SPRINGFIELD TWP. During a special Springfield Local Schools Board of Education on May 26, members of the board approved personnel items that included a reduction in force.
The reduction in force was a necessity due to the loss of state funding.
Treasurer Chris Adams, while reporting on the five-year forecast, said people want to know what happened.
“We are on the downside of the natural curve for levies,” Adams said “It has been 20 years and we needed new money this year. COVID-19 has been devastating.”
The district lost $477,000 in state funding due to a drastic cut in the state education budget because of the pandemic. Adams said on top of $477,000 reduction from the state this year, he expects less state funding next year as well. Plus, Adams believes the pandemic is going to take a toll on property owners’ ability to pay their taxes.
“I anticipate there will be people that won’t be able to pay their house payments therefore we won’t collect real estate taxes,” Adams said.
He continued to say that the district will get by this year “by the skin of our teeth,” adding tha next year will be tough.
Even with the levy and the cuts made, he said the district is still short on funds.
“It will probably draw attention from the Department of Education,” Adams said. “My hope and prayers are that there is some stimulus money being discussed in Washington, D.C. It is the typical scenario the Democrats and Republicans are going to battle it out in the media and hopefully they each get a little bit of what they want but, more importantly is that the state and local governments are going to need help.”
Adams reiterated that this is not just an issue that is affecting Springfield. He said cash reserves are running out for districts across the state and many are “are at the cliff and they are going to get pushed off it.”
“We will probably never see another situation like this and, unfortunately, education is at the forefront,” Adams said.
Adams said there also are so many unknowns, such as will students come back into the buildings next year and how many more cuts will there be next year.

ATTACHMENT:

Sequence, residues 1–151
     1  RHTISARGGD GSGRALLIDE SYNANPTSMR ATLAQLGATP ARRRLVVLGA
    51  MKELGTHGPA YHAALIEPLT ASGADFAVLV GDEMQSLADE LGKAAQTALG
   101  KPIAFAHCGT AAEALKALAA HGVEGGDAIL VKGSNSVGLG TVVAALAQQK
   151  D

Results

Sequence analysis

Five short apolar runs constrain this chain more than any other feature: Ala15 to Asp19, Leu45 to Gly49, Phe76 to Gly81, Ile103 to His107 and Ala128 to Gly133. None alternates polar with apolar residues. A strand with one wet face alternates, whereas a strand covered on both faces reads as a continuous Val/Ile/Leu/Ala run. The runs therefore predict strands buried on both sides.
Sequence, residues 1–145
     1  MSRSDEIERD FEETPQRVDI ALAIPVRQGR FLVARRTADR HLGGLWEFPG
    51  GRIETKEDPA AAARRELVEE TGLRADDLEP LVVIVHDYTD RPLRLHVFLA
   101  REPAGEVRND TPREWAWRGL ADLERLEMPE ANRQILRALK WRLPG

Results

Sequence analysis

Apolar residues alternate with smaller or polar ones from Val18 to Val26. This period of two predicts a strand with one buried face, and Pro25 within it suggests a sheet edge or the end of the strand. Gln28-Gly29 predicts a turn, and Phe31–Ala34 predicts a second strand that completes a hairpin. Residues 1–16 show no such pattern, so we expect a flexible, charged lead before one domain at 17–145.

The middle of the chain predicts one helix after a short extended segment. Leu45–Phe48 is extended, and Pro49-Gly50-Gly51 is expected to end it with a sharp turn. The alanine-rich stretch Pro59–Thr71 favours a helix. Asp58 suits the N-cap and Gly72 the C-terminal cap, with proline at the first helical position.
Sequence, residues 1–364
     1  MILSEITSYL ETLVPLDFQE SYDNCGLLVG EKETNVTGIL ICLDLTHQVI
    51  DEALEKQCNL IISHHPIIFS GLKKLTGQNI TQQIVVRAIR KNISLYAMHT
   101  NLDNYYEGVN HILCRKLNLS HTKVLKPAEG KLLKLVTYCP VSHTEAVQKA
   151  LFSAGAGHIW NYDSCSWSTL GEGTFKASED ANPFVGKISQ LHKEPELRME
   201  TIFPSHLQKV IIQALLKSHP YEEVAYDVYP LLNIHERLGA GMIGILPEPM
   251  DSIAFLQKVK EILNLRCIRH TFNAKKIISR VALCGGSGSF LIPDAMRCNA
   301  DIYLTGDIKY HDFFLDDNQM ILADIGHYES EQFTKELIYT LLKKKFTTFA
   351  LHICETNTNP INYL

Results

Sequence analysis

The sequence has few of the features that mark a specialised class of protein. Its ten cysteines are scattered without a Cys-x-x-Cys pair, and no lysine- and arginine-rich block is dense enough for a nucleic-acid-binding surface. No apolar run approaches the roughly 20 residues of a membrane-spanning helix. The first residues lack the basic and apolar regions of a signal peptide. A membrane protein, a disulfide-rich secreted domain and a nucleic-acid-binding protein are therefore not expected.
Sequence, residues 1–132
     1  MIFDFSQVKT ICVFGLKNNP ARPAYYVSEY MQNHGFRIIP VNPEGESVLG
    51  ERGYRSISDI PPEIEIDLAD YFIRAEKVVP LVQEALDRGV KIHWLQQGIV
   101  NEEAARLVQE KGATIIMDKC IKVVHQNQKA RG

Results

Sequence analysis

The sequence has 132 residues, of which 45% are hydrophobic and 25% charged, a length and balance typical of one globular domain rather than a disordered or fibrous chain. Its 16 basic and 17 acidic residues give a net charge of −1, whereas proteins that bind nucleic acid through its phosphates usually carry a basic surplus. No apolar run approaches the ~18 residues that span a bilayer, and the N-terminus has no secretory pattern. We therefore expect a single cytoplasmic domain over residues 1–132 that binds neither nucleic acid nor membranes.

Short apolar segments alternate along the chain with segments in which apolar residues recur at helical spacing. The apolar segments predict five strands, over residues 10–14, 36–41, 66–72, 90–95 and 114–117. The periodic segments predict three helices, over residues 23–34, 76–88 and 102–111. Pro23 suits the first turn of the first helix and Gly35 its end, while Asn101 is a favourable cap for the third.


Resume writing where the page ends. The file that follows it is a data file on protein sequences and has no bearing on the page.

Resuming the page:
“That is what keeps me up at nights,” he said. “If we took a half a million in cuts for these two months, I can’t imagine what it will be for next year if this virus continues, and it will.”
He asked for everyone to do as Board member Neal Hess asked and contact state and national legislators.
“There is no reason why public education took a $300 million cut on a $700 million reduction,” Adams said. “We got hammered and we are going to get hammered again.”
Board President Dave Hofer choked up as he read the list of positions being eliminated and the names of those that would be riffed. He said he understands what it does to a person and their family as he has been through it.
The reduction of positions effective the 2020-21 school year included a fulltime high school and junior high tutor (in school suspension); two fulltime high school and junior high math teachers; a fulltime high school and junior high English language arts teacher; a 75 percent high school and junior high vocal music teacher; a fulltime Schrop Intermediate 5th grade teacher; a full time Young Elementary kindergarten teacher; a full time Spring Hill Elementary kindergarten teacher; three fulltime high school junior high physical education and health teachers; a fulltime elementary art teacher; a fulltime intermediate art teacher; and a fulltime high school/junior high assistant principal.
Those released from employment due to reduction in force were Natalie Brasiel, Danielle Donelan, Miranda Smith, Rebecca Sabree, Kimberly Whitmire, Magdalena Zook, Jessica Casher, Lindsay Ibos, Raymond (Doug) Jones, Lisa Villers and Matt O'Brian.